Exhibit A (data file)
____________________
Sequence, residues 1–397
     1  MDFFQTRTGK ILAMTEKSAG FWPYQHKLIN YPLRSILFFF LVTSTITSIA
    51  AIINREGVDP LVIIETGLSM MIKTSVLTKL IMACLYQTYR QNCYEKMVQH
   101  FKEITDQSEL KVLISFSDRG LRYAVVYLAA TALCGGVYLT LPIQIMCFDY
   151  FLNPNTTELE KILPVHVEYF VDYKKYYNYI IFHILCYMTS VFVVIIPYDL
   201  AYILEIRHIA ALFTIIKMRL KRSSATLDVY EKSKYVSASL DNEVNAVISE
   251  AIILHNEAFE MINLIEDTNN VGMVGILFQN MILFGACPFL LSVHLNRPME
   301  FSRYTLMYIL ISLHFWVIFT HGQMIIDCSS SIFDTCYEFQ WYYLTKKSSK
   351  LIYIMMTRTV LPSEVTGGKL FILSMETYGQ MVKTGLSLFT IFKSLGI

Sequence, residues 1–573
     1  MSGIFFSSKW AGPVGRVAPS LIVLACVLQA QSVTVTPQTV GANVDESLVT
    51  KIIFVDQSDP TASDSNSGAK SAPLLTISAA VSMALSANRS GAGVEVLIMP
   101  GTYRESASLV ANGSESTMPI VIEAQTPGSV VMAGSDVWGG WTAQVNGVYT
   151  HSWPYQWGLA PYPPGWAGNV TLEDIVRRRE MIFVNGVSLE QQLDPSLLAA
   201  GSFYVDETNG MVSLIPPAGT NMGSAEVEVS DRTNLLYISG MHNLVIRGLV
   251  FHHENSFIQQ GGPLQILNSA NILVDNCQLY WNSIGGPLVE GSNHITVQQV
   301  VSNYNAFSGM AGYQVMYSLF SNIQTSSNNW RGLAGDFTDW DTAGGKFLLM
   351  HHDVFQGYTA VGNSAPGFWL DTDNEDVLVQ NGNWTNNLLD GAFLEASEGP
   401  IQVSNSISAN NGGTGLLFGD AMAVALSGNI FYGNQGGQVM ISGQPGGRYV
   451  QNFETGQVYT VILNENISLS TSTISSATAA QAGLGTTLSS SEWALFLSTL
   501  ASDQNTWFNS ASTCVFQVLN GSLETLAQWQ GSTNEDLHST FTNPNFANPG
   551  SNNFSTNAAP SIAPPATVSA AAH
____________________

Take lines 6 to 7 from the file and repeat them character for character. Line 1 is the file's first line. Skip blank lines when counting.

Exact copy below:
   201  AYILEIRHIA ALFTIIKMRL KRSSATLDVY EKSKYVSASL DNEVNAVISE
   251  AIILHNEAFE MINLIEDTNN VGMVGILFQN MILFGACPFL LSVHLNRPME